I’m currently trying to upgrade fastpages to use jekyll 4.0, ( which has been much more difficult than it sounds ) before trying to create the conda environment


I have been trying to figure out how to do this. If anyone is watching this thread and would be willing to pair-program that would be helpful, I am really stuck on trying to get Jekyll to work on conda properly ( perhaps I am just slow and don’t now how to look for the right answers ( I am new to conda).

Keep banging my head against this error:

/Users/hamelsmu/anaconda3/envs/jekyll/lib/ruby/2.5.0/mkmf.rb:456:in `try_do': The compiler failed to generate an executable file. (RuntimeError)
You have to install development tools first.
	from /Users/hamelsmu/anaconda3/envs/jekyll/lib/ruby/2.5.0/mkmf.rb:590:in `try_cpp'
	from /Users/hamelsmu/anaconda3/envs/jekyll/lib/ruby/2.5.0/mkmf.rb:1098:in `block in have_header'
	from /Users/hamelsmu/anaconda3/envs/jekyll/lib/ruby/2.5.0/mkmf.rb:948:in `block in checking_for'
	from /Users/hamelsmu/anaconda3/envs/jekyll/lib/ruby/2.5.0/mkmf.rb:350:in `block (2 levels) in postpone'
	from /Users/hamelsmu/anaconda3/envs/jekyll/lib/ruby/2.5.0/mkmf.rb:320:in `open'
	from /Users/hamelsmu/anaconda3/envs/jekyll/lib/ruby/2.5.0/mkmf.rb:350:in `block in postpone'
	from /Users/hamelsmu/anaconda3/envs/jekyll/lib/ruby/2.5.0/mkmf.rb:320:in `open'
	from /Users/hamelsmu/anaconda3/envs/jekyll/lib/ruby/2.5.0/mkmf.rb:346:in `postpone'
	from /Users/hamelsmu/anaconda3/envs/jekyll/lib/ruby/2.5.0/mkmf.rb:947:in `checking_for'
	from /Users/hamelsmu/anaconda3/envs/jekyll/lib/ruby/2.5.0/mkmf.rb:1097:in `have_header'
	from extconf.rb:10:in `system_libffi_usable?'
	from extconf.rb:34:in `<main>'

To see why this extension failed to compile, please check the mkmf.log which can be found here:


extconf failed, exit code 1

Gem files will remain installed in /Users/hamelsmu/anaconda3/envs/jekyll/lib/ruby/gems/2.5.0/gems/ffi-1.12.2 for inspection.
Results logged to /Users/hamelsmu/anaconda3/envs/jekyll/lib/ruby/gems/2.5.0/extensions/x86_64-darwin-17/2.5.0/ffi-1.12.2/gem_make.out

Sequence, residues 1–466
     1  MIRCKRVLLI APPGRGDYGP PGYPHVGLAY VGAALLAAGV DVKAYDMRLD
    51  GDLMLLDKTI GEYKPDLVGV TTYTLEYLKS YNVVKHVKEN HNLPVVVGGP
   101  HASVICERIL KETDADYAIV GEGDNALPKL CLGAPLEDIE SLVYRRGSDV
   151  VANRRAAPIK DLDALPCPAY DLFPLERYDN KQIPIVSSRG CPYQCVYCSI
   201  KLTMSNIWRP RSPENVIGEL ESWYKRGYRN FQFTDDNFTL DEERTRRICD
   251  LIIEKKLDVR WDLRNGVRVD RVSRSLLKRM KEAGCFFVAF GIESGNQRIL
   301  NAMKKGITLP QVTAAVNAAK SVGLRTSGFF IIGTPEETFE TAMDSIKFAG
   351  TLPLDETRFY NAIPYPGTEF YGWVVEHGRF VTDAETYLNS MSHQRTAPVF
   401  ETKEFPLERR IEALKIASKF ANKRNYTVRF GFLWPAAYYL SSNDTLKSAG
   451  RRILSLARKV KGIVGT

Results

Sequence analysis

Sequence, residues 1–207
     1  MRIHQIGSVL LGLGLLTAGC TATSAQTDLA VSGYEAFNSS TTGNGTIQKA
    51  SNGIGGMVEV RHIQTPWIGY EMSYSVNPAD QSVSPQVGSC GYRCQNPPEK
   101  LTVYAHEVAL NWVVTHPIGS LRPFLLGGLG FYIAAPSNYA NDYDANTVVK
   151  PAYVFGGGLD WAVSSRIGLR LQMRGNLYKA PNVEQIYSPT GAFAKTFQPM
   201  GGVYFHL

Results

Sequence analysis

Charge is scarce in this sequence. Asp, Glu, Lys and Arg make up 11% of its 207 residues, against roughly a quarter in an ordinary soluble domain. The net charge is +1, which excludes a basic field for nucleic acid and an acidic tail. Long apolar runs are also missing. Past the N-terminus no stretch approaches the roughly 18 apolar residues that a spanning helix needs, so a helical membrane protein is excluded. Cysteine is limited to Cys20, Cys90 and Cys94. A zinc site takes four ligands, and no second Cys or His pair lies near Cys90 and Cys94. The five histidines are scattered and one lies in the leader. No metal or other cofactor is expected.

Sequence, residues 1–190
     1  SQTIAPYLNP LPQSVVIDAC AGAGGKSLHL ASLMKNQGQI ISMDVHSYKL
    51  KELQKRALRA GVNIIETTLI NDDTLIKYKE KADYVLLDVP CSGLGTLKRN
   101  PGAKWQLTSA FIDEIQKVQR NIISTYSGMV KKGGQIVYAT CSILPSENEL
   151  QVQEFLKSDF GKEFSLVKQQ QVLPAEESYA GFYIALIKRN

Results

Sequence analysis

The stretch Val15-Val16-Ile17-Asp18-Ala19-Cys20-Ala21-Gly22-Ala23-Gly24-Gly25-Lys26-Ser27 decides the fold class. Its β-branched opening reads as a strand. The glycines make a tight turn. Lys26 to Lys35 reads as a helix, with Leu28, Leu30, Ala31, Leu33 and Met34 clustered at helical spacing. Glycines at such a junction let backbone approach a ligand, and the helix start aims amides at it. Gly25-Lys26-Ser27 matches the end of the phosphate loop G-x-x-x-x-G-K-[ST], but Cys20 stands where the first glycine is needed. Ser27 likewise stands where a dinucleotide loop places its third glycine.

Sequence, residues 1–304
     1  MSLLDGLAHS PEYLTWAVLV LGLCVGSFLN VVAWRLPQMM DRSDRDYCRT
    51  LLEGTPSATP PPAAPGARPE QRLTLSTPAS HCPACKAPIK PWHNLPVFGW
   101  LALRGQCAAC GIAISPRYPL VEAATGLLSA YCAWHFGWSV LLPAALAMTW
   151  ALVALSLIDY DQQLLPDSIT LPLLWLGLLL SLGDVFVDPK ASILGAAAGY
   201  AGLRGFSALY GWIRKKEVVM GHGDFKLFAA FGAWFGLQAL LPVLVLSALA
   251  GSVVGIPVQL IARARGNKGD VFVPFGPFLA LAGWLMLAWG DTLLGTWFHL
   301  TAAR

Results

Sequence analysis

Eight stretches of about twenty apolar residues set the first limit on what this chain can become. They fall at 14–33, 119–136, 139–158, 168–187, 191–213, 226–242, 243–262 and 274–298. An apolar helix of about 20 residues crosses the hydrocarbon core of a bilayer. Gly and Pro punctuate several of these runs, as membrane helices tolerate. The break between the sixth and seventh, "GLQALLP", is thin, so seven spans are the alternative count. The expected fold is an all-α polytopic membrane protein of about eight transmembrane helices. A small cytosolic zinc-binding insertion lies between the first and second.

I tried to understand why the install of ffi is not working and the logs give me this

 cat /Users/hamelsmu/anaconda3/envs/jekyll/lib/ruby/gems/2.5.0/extensions/x86_64-darwin-17/2.5.0/ffi-1.12.2/mkmf.log                                                               5 ↵
"pkg-config --exists libffi"
dyld: Symbol not found: _iconv
  Referenced from: /usr/lib/libarchive.2.dylib
  Expected in: /Users/hamelsmu/anaconda3/envs/jekyll/lib/libiconv.2.dylib
 in /usr/lib/libarchive.2.dylib
package configuration for libffi is not found
"x86_64-apple-darwin13.4.0-clang -o conftest -I/Users/hamelsmu/anaconda3/envs/jekyll/include/ruby-2.5.0/x86_64-darwin17 -I/Users/hamelsmu/anaconda3/envs/jekyll/include/ruby-2.5.0/ruby/backward -I/Users/hamelsmu/anaconda3/envs/jekyll/include/ruby-2.5.0 -I. -D_FORTIFY_SOURCE=2 -mmacosx-version-min=10.9 -I/Users/hamelsmu/anaconda3/envs/jekyll -D_XOPEN_SOURCE -D_DARWIN_C_SOURCE -D_DARWIN_UNLIMITED_SELECT -D_REENTRANT   -march=core2 -mtune=haswell -mssse3 -ftree-vectorize -fPIC -fPIE -fstack-protector-strong -O2 -pipe -I/Users/hamelsmu/anaconda3/envs/jekyll/include -fdebug-prefix-map=/usr/local/miniconda/conda-bld/ruby_1570429193060/work=/usr/local/src/conda/ruby-2.5.7 -fdebug-prefix-map=/Users/hamelsmu/anaconda3/envs/jekyll=/usr/local/src/conda-prefix -fno-common conftest.c  -L. -L/Users/hamelsmu/anaconda3/envs/jekyll/lib -L. -Wl,-pie -Wl,-headerpad_max_install_names -Wl,-dead_strip_dylibs -Wl,-rpath,/Users/hamelsmu/anaconda3/envs/jekyll/lib -L/Users/hamelsmu/anaconda3/envs/jekyll/lib -fstack-protector -L/usr/local/miniconda/conda-bld/ruby_1570429193060/_build_env/lib/clang/4.0.1/lib     -lruby.2.5.7  -lpthread -lgmp -ldl -lobjc "
checked program was:
/* begin */
1: #include "ruby.h"
3: int main(int argc, char **argv)
4: {
5:   return 0;
6: }
/* end */

dyld: Symbol not found: _iconv

cc: @jeremy

I guess the only thing I can understand is something is going wrong in the ruby installation or environment.